I've said it many times, but NEVER should an software released for people use to result in "crash by assertions". FFMPEG used to (don't know about now, since I haven't needed to do another FFMPEG Codec+Container dance to find a working combo for a while now) result in "crash by assertion" whereby some obscure MSVC "Assertion Failure" error msgbox would popup when trying to use certain codec/container combos.

I understand that some people (especially prominent among academics who are really really into pre-post conditions and formal proofs of everything) consider assertions beneficial. Indeed, they probably do have uses, but only during the development phase on the particular software developer's computer. For libraries used by other applications, this means that assertions should NOT cause problems and/or crashes, even if the situation is impossibly convoluted. However, for some strange reason, I've found that the are never really isolated to "debug" builds only, as some manuals and specs would have you believe.

Impossible Shutdown
Another bug I've been fighting with this toolkit is the problem of the applications not shutting down properly. Namely, the console doesn't go away, even though nothing appears, and zero CPU activity is occurring after gtk.main_quit() and all other shutdown activities have been performed.

Somehow, I managed to get this to work eventually on the lab octocore I was using for a while, but this didn't hold for my own machine or the test machines this stuff needs to work on. Gah!

I've recently been dealing with quite a few really insane concurrency-type non-deterministic, and difficult to pinpoint bugs. If anyone knows of any good static analysers which may be able to plot these things out graphically (and preferably highlight the problem spots) for Python code, then I'd be interested in hearing about it!

1 comment:

  1. Hello Aligorith

    It's been a while I haven't looked at PyGTK, although I think that it's abandonned in favor of GObject introspection.

    Anyway, from my experience, even though I think the GTK API is annoying, verbosive etc... it did work in the end (but I finally switched to Qt for other reasons).

    I think you are stacking layers of potential errors. Firstly, Python has it's ways of doing things that doesn't always play well with the C objects it wraps (each object has two face : the Python face and the C face and, for example, it can occur that one of them gets deleted and not the other -> crash). You also add reference counting that can prevent proper deletions (use weakrefs).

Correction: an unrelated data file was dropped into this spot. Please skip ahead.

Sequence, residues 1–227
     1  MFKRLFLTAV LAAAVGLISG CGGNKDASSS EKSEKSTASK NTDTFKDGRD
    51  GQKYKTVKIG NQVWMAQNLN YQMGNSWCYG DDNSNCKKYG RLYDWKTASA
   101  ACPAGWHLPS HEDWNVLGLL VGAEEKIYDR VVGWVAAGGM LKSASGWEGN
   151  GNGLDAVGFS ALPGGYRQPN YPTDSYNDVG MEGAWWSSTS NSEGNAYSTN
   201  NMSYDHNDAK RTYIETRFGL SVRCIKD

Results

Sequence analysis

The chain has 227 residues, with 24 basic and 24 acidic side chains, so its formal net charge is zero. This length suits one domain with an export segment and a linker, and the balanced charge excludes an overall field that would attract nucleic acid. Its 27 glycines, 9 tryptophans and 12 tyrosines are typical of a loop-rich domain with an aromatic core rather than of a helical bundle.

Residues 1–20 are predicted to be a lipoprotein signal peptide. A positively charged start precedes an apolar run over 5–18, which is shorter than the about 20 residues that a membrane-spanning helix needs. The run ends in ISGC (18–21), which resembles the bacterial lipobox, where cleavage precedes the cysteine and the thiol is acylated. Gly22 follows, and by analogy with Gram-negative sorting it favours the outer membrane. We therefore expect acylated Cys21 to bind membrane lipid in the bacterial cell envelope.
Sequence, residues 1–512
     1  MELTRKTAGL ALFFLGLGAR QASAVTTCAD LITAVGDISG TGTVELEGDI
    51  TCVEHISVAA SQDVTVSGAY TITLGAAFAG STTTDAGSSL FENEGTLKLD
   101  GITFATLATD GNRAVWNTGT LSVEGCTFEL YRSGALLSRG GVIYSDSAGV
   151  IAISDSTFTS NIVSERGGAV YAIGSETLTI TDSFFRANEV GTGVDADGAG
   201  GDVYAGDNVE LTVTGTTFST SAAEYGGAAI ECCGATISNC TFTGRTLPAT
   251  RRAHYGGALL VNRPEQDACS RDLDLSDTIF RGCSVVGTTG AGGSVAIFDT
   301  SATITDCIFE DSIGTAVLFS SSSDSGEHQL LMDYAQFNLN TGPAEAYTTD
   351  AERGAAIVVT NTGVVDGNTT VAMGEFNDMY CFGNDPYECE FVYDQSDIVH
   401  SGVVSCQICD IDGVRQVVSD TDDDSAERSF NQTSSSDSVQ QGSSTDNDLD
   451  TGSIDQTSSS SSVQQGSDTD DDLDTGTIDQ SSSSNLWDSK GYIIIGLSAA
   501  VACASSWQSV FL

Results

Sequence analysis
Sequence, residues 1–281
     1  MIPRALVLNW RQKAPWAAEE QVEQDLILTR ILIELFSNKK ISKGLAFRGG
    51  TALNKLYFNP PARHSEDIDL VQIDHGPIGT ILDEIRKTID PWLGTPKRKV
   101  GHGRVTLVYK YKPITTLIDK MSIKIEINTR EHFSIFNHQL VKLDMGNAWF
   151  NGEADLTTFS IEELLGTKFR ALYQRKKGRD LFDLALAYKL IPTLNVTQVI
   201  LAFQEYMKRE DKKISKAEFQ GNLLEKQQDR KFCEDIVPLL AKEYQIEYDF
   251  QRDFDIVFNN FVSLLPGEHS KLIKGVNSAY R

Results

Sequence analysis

Secondly, threading an application can be a headache. Threading a graphical application is even worse (take care never to create a widget out of the main thread, use events to communicate from secondary thread to main thread).

    You're mixing both so it can become touchy! I don't know how you work, but here's what I'd do:
    - in "A references B and B back-references A" situations, if A doesn't strictly need B to live, make the back reference a weak reference.
    - as a general rule, if you can use a weak ref instead of a strong ref in a complex system, then use the weak ref.
    - all widgets in main thread
    - "loose coupled communication" == signal based communication from non-main threads (simply puts a new event on the event loop of the main thread which is then directed to the correct widget)

    I also experienced some issues with __del__ methods. In the end I removed all of them. If I remember well, in some situations they prevent proper deletion of the objects that implement them. They are also bad for inheritance.

    These are my ideas, and sorry, no I don't know any good static analyser that could help for this :). However, I use GDB to debug programs which mix Python and C[++] and it turns out to be just enough for me.